Structural Health Monitoring with Fiber Bragg Grating and Piezo Arrays

Award Information
Agency: National Aeronautics and Space Administration
Branch: N/A
Contract: NNX10CB58C
Agency Tracking Number: 080049
Amount: $599,999.00
Phase: Phase II
Program: STTR
Awards Year: 2010
Solicitation Year: 2008
Solicitation Topic Code: T2.01
Solicitation Number: N/A
Small Business Information
2363 Calle Del Mundo, Santa Clara, CA, 94085-1008
DUNS: 877452664
HUBZone Owned: N
Woman Owned: N
Socially and Economically Disadvantaged: N
Principal Investigator
 FEREY FARIDIAN
 Principal Investigator
 (408) 565-9002
 FF@IFOS.COM
Business Contact
 Behzad Moslehi
Title: CEO/CTO
Phone: (408) 565-9004
Email: bm@ifos.com
Research Institution
 Washington State University
 Pizhong Qiao
 Spokane Street, Sloan 120
Pullman, WA, 99164
 (509) 335-5183
 Nonprofit college or university
Abstract
IFOS and its research institute collaborator, Washington State University (WSU), have demonstrated feasibility of a structural health monitoring (SHM) system for aerospace vehicles such as Unmanned Aerial Vehicles (UAVs) or commercial airliners. In Phase 1, a unique high-speed, high-channel count fiber Bragg grating (FBG) sensor interrogation system enabling a new Lamb wave-based damage detection method was demonstrated. This SHM system allows accurate detection of damage in rectangular composite plates simultaneously collected from a plurality of strategically placed FBG sensors using relatively few piezo actuators. Utilization of structurally integrated, distributed sensors to monitor the health of a structure allows for high-speed collection and interpretation of sensor signals, coupled with real-time data processing. The proposed system provides automated diagnosis and prognosis capabilities, greatly reducing the overall inspection burden. Phase 2 is designed to advance the technology towards specific NASA flight research testbed platforms, particularly Ikhana. During Phase 2, IFOS will collaborate with prime system contractors to address challenges and risks associated with the intended operational environment, including (a) generation of a complete flight worthy design, (b) performance enhancement and ruggedization of the interrogator and sensors, (c) optimization of damage detection algorithms and their implementation, and (d) total system performance validation and evaluation.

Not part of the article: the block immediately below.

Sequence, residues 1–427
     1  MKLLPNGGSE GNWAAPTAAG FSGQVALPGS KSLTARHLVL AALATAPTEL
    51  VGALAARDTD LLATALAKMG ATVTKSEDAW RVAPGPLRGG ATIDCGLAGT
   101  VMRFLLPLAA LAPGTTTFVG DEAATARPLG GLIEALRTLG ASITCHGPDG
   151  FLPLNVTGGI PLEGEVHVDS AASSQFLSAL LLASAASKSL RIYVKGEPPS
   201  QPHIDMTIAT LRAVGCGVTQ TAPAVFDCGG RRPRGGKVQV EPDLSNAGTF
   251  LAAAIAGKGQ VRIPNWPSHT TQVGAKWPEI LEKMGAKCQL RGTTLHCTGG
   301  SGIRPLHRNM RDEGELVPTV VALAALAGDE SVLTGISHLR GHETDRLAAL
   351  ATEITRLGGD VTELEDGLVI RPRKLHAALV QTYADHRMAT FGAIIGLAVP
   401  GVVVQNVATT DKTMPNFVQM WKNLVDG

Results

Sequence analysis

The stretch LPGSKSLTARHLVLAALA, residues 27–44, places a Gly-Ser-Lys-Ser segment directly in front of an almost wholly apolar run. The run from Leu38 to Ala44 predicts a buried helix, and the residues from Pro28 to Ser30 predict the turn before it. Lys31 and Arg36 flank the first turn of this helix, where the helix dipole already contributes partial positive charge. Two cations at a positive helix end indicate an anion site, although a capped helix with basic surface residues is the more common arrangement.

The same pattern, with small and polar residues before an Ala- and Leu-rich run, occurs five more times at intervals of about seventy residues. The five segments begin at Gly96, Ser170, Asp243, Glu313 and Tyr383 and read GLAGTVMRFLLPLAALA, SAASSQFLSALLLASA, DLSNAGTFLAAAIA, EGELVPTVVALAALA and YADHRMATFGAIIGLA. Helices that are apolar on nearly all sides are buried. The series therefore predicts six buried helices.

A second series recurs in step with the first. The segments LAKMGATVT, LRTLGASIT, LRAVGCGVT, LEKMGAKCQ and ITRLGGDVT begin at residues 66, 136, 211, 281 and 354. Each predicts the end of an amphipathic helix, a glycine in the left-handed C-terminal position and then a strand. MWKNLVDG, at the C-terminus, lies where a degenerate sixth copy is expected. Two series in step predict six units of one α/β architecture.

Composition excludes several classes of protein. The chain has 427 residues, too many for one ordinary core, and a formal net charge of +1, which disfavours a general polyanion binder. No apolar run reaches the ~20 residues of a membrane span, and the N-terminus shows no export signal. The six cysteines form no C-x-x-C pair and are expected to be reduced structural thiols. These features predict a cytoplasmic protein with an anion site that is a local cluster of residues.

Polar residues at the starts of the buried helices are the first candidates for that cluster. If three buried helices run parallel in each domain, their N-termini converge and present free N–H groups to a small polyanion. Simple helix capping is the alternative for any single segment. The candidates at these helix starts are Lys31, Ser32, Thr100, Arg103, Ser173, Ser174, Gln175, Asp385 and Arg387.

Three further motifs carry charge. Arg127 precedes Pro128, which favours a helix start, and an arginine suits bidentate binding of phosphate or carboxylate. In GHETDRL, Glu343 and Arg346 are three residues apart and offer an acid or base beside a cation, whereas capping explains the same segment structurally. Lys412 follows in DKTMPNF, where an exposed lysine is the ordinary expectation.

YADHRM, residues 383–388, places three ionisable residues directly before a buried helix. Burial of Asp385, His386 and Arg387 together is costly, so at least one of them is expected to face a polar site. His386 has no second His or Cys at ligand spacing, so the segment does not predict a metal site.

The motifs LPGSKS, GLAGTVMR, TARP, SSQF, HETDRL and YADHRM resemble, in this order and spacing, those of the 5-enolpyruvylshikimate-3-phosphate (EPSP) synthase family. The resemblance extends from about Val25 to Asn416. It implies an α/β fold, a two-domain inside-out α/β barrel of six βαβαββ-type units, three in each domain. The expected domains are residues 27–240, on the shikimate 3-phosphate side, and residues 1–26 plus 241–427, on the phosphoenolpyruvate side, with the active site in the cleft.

* Information listed above is at the time of submission. *

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